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2012 Jolt Awards: Mobile Tools

, October 30, 2012 The best mobile development tools
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Finalist: Xamarin Mono for Android

After achieving a great deal of success with its iOS product, MonoTouch, Xamarin turned its language and mobile platform expertise to the other big fish in the mobile platform pond. However, unlike MonoTouch, with its C# versus Objective-C argument, Mono for Android is a harder sell. First, unlike Apple-only iOS development, Android's SDK and tools already run on Windows. Also, there's not as much of a language difference between C# and Android's Java as there is between C# and Objective-C — and they both support garbage collection equally well. Finally, whether statically linking Mono for Android's runtime into the compiled app bundle or dynamically linking to it via a shared, separate library install, the resources needed by a Mono for Android app for something as simple as a 'Hello, World' app far exceed that of a native Java-constructed Android app.

That said, there are reasons why Mono for Android is a keeper in the eyes of .NET developers. First, it's easier to make the leap to Android using Mono for Android than the Eclipse+Android SDK combination. Second, unlike MonoTouch for iOS, which is a standalone IDE, Mono for Android lives as an add-on within the Microsoft Visual Studio IDE. That means that .NET developers who have built up an arsenal of optimal .NET editing tools and muscle-memory shortcuts don't have to relearn a whole new development environment for creating Android apps. Finally, if C# developers plan in advance and effectively separate their business-logic layers from their presentation layers, they should be able to reuse a great deal of code between Mono for Android and MonoTouch applications (especially because Mono for Android can use many existing .NET libraries without difficulty). Now if Xamarin can figure out a way to take C# code assets from the Windows Phone platform and allow them to be spun into and out of Mono for Android and MonoTouch products, they would be able to cover most of the mobile platforms!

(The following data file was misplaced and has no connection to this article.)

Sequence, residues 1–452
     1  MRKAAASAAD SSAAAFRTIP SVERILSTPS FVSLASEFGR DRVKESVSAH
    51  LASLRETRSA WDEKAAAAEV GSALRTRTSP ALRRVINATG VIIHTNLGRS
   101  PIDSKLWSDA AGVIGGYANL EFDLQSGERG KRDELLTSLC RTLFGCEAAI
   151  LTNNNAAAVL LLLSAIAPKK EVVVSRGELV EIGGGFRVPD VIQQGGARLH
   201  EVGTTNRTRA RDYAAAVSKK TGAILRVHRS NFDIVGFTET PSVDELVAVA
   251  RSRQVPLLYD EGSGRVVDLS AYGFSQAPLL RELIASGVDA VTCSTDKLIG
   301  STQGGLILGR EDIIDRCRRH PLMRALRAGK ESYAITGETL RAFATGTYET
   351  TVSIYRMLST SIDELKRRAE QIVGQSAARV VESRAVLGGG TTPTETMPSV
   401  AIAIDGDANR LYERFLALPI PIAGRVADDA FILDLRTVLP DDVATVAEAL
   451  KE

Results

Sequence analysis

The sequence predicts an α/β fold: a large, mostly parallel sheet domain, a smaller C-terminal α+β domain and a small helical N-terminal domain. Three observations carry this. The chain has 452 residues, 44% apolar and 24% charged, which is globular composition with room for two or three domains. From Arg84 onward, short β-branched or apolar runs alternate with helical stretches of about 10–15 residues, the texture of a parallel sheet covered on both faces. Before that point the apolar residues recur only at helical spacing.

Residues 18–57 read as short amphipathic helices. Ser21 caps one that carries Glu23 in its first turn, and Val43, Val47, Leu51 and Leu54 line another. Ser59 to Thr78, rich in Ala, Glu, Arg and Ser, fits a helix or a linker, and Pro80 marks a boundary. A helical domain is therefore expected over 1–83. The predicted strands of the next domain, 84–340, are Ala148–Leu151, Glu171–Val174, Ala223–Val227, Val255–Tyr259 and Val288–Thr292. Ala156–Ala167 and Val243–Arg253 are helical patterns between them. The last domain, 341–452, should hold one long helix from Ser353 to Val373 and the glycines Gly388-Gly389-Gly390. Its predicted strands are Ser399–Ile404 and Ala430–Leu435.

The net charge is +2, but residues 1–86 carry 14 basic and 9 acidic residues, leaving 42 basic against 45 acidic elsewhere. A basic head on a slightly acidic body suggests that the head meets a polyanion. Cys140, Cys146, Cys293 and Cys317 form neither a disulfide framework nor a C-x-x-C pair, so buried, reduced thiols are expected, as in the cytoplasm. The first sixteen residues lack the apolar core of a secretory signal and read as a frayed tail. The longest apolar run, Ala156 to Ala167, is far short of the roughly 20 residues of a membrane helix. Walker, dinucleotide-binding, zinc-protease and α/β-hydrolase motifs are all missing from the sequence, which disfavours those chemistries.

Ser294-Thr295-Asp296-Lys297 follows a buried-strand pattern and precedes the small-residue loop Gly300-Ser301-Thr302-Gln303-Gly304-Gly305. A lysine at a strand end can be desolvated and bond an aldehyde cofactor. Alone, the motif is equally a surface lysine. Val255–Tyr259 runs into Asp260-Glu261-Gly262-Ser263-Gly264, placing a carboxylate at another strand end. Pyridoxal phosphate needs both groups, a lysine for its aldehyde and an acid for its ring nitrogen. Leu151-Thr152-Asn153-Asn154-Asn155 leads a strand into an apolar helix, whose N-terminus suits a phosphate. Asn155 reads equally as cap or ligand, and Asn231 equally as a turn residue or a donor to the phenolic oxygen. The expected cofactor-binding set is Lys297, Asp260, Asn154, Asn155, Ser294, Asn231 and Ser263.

— Mike Riley






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